In recent months there have been fresh concerns over a wave of discharges of untreated raw sewage in the UK. At one point in early September, the Safer Seas and Rivers Service, which is run by the charity Surfers Against Sewage (SAS), issued pollution warnings for more than 100 beaches. Rising awareness of these events has led to public anger about the situation. But why is this happening now, and what can actually be done about it?
Unlike some other countries which have split systems, the UK has a combined system that accepts both rainfall and sewage. This system is managed by water and sewage companies, who, if all is well, biologically treat the sewage before discharging it into the environment.
However, under extreme circumstances, such as exceptionally high rainfall, these companies are legally allowed to discharge untreated sewage. This is to avoid capacity being reached and sewage literally coming back into homes and businesses, says Dr Sarah Purnell, a researcher in aquatic environment health at the University of Brighton.
The legal model works relatively well when these events happen infrequently, notes Purnell. And since the sewage is mixed with stormwater in these events it should be highly diluted.
The problem is that these legal discharges are happening far more than many realised and may be more concentrated. Michelle Walker, technical director of The Rivers Trust, says overflows of untreated sewage are being routinely used even when it hasn’t been raining.
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She attributes this to three causes: investment in the sewer network and treatment facilities failing to keep pace with pressures such as population growth; more intense rainstorms due to climate change; and more runoff from urban areas as more and more green spaces are paved over.
As well as being unpleasant, people swimming or boating in untreated wastewater are at risk of coming into contact with disease-causing pathogens and developing gastrointestinal illnesses or respiratory, eye and ear infections.
“If you’re going to recreationally swim after rainfall events, you’re more likely to come across discharges in those conditions, and the chance of you getting sick is likely to be greater,” says Purnell. Sewage discharges also significantly impact the ecological quality of rivers, she adds.
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Purnell notes these overflows are likely not a new issue but have become more visible as the UK has begun to monitor them more effectively. Since 2020, the Environment Agency has required water companies to monitor and report on how often and for how long storm overflows are used. However, “we still don’t know the volume of wastewater that gets discharged”, notes Purnell.
Hugo Tagholm, chief executive of the charity Surfers Against Sewage, which runs an online map showing up-to-date warnings of discharges, argues the water industry and regulatory bodies have cut financial corners in favour of “greedy shareholders”.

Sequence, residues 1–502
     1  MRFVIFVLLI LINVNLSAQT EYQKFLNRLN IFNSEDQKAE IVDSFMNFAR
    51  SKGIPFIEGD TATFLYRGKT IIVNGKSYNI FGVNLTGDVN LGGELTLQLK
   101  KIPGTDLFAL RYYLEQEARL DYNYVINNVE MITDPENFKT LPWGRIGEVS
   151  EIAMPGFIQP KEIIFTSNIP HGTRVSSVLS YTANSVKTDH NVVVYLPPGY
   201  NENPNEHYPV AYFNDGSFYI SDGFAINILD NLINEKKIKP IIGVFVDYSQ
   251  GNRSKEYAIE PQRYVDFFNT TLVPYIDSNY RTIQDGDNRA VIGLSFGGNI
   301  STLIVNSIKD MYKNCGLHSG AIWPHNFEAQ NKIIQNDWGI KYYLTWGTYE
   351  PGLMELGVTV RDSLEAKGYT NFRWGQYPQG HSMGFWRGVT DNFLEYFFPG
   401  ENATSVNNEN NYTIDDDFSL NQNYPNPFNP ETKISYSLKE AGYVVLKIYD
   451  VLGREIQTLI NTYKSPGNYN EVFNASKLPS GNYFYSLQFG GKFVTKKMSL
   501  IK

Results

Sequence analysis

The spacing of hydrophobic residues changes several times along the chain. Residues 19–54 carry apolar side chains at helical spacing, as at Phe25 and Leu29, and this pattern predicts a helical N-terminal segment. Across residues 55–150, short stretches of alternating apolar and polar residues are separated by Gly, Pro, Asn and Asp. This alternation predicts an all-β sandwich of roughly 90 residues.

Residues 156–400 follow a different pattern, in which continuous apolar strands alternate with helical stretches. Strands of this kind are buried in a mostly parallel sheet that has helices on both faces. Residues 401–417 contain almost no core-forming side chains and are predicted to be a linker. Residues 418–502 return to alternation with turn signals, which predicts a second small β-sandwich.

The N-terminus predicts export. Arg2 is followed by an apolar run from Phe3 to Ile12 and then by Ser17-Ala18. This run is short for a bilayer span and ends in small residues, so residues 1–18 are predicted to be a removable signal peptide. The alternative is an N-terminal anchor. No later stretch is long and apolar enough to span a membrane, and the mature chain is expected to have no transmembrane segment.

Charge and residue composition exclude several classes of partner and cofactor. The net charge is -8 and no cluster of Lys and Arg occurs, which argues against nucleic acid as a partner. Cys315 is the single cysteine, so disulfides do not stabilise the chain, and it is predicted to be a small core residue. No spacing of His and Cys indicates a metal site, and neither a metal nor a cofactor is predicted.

“Our beaches, rivers and lakes are some of our most precious natural resources, but water companies are treating them as an open sewer, devastating wildlife and posing serious health risks to all those who attempt to enjoy them.”
An Environment Agency criminal regulatory investigation into sewage discharges at wastewater treatment works in England is currently ongoing. Its initial analysis in May found that there “may have been widespread and serious non-compliance with the relevant regulations”.
In response to concerns over sewage discharges, in late August the government announced a plan requiring water companies to invest £56bn to improve all storm overflows by 2050, and by 2035 for storm overflows discharging near designated bathing waters and certain protected natural sites.
But Walker says the government’s plan is “too little, too late” and doesn’t go far or fast enough to tackle the problem. She says stronger regulation and enforcement of the privatised water industry is needed.
She also calls for leadership from the government to “work with nature” to reduce the pressure of rainfall entering the sewer network. Measures to do this include increasing the use of water butts and rain gardens to reduce urban runoff, using wetlands to clean up sewage pollution, and expanding ponds and dams upstream as a form of natural flood management, she says
These measures would also reduce agricultural pollution runoff, keep rivers flowing in dry periods, reduce flood risk and help to tackle the climate and biodiversity crisis, she notes.
Purnell also says nature-based solutions are useful.
“Anything we can do to slow down runoff or infiltration of that rainfall to the sewage network will help ultimately,” she says.
Areas with the most problems with discharges could be targeted to implement these sustainable drainage solutions, she adds. And all new housing estates and new builds should also be thinking about slowing down water paths.
But water and sewage companies also need to invest into upgrading their infrastructure, Purnell says, through storage or increased treatment capacities. A longer-term solution would be to redesign the UK’s system to deal with rainfall runoff separately to sewage, she adds, although noting this would be difficult and expensive and is the “least realistic” solution in the short term.
Meanwhile, the UK also needs to focus on gaining a real understanding of the current discharges, says Prof Andrew C Johnson, environmental research scientist at the UK Centre for Ecology and Hydrology.
He says two critical pieces are missed by current monitoring: the volumes of untreated sewage being discharged, and whether it is happening more frequently now than in the past. To truly assess the risks, he says, both the volume of sewage overflows and the water quality downstream from these overflows need to be measured.
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